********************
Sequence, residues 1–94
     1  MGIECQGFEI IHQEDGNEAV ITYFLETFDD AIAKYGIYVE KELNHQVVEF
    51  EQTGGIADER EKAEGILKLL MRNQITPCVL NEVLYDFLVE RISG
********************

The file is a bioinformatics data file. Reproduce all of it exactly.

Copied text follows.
Sequence, residues 1–94
     1  MGIECQGFEI IHQEDGNEAV ITYFLETFDD AIAKYGIYVE KELNHQVVEF
    51  EQTGGIADER EKAEGILKLL MRNQITPCVL NEVLYDFLVE RISG